Originally published at New Scientist
COURTS and legal scholars love quoting legal maxims in Latin. One of the most famous is fiat justitia ruat caelum. The phrase is a resolute affirmation of the rule of law. It means "Let justice be done though the heavens fall".
It was intended as hyperbole. But, ironically, courts may now have to confront these words on literal terms. In various countries, plaintiffs have sought court orders to halt the operation of the Large Hadron Collider at CERN near Geneva, Switzerland, with the most extraordinary of allegations: that the experiment may create a black hole that will devour the Earth.
Up until now, the various lawsuits filed against the LHC have faltered. But if the right kind of claim is filed in the proper court, a judge may soon have to face the question of whether an injunction might be needed to save the world.
Injunctions are court orders that command persons to do or refrain from doing something. They are relatively routine, for example when a building of historic significance is threatened with demolition. But wading into the world of particle physics to shut down the LHC would be a forbidding proposition for anyone in judges' robes.
In deciding whether or not to issue an injunction, courts engage in what lawyers refer to as a "balancing test". The idea is that the court weighs the hardships that would be endured by both parties if the injunction were or were not issued, taking into account the likelihood and severity of the alleged consequences. The test closely resembles what is portrayed by courthouse statues around the world - Lady Justice holding up scales to measure the relative weight of the plaintiff's and defendant's cases.
So let's do the balancing test for the LHC case. The hardship CERN would suffer from an injunction is enormous - idling thousands of workers and equipment worth billions of euros, and upending a great scientific adventure. That weighs on the scales heavily. But on the other side is an Earth-mass black hole. That not only tips the scales, it eats them up.
The remaining task is to determine whether the questions raised are sufficiently serious. For that, a court must take a careful look at the scientific controversy. Yet the physics involved is difficult terrain even for physicists. A judge with maybe just a few days to ponder has scant chance of learning the science well enough to confidently decide who is right and who is wrong.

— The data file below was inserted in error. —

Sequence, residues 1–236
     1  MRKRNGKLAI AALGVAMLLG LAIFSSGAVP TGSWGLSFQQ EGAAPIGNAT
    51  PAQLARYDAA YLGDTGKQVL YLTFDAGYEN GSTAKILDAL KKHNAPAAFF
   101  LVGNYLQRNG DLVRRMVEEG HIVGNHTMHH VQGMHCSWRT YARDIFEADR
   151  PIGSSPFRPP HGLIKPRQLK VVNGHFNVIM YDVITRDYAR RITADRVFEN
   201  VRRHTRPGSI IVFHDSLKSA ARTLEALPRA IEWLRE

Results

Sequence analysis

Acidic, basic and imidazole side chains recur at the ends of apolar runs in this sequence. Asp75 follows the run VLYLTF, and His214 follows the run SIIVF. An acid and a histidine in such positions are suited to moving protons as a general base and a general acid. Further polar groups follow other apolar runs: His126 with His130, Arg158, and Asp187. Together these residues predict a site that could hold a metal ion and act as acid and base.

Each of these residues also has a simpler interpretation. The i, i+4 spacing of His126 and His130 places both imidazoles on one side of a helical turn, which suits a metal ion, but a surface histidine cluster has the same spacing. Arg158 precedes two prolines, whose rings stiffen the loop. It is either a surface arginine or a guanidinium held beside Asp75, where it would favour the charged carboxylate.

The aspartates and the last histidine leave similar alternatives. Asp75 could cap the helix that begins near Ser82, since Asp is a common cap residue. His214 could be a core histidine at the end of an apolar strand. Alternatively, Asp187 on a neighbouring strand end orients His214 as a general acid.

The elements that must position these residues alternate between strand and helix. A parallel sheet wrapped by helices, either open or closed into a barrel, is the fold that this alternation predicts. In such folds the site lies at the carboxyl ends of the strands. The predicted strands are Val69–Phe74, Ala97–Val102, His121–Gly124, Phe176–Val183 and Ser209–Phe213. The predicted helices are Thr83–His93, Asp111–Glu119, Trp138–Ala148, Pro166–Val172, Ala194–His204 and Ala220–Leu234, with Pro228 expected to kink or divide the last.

Usually when complex scientific issues are involved, courts turn to expert witnesses. But there is a problem with using experts in this case: none would seem to be without bias. CERN employs half of the world's particle physicists; the other half are their friends. All of them are anxiously awaiting data from the LHC to advance their field. The LHC is not just a particle physics experiment, it is the particle physics experiment. So what is a court to do?
Courts can maintain the rule of law in a fair and principled way by looking at the human context surrounding the scientific debate. While the physics may be largely impenetrable to the court, the human factors are not.
One question a court can investigate is how likely it is that the theoretical underpinnings of the scientific work are defective. Those seeking an injunction could, for example, ask a court to consider the history of shifting arguments for why the LHC is safe.
In 1999, physicists said no particle accelerator for the foreseeable future would have the power to create a black hole. But theoretical work published in 2001 showed that if hidden extra dimensions in space-time did exist, the LHC might create black holes after all. Thereafter, the argument for safety was changed. In 2003, it said that any black holes created would instantly evaporate. But when subsequent theoretical work suggested otherwise, the argument changed again. In 2008, CERN issued a report arguing a safety case based, ultimately, on astrophysical arguments and observations of eight white dwarf stars. These flip-flops on safety might cause a court to find current assurances less persuasive than they would otherwise be.
In addition, a court could look at the sociological and psychological context in which the disputed scientific work was carried out. Social scientists have identified a number of phenomena that can skew attempts to reach objective assessments of risk. For instance, cognitive dissonance describes the tendency of people to seek information that is consistent with their beliefs and to avoid information that is inconsistent. "Groupthink" describes a process by which intelligent individuals, working in a group, can reach a worry-free outlook that is not justified by the facts. And the phenomenon of confirmation bias - the tendency to filter information so as to confirm working hypotheses - was cited by the Columbia Accident Investigation Board as one explanation for why space shuttle programme managers ignored sure signs of trouble.
A court charged with deciding whether an injunction should be issued could consider whether these sorts of social effects plausibly undermine the conclusion that the LHC is safe.
These lines of inquiry might strike physicists as unfair. Many will argue that scientific work should be debated on its scientific merits alone. That objection is well put in a purely academic dispute, but the question of whether the LHC is safe is not academic - it is a real-world question with the highest possible stakes. Evaluating the science from a real-world perspective, and understanding scientific work to be a fallible human enterprise, is not merely fair - where justice is concerned, it is essential.
|"The question of whether the LHC is safe is a real-world question with the highest possible stakes"|
Eric E. Johnson is assistant professor of law at the University of North Dakota in Grand Forks. He makes these arguments in more detail in the Tennessee Law Review (vol 76, p 819)